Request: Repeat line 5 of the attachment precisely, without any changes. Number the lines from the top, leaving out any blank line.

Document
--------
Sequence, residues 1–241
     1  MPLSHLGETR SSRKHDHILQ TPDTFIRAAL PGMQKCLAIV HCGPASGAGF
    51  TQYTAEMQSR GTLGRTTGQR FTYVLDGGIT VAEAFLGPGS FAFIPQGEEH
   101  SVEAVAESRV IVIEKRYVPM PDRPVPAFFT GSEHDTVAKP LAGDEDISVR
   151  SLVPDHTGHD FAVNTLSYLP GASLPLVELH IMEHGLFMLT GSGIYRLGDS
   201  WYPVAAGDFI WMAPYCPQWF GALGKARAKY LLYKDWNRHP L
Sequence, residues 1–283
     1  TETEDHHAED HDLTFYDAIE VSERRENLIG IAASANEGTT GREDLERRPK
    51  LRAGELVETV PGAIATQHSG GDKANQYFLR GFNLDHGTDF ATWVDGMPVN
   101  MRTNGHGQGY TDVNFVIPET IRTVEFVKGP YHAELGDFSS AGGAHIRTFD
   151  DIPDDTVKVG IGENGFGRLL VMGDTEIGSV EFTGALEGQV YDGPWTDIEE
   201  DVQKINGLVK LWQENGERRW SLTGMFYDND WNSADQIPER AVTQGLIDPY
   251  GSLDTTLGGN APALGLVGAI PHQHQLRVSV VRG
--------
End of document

   151  SLVPDHTGHD FAVNTLSYLP GASLPLVELH IMEHGLFMLT GSGIYRLGDS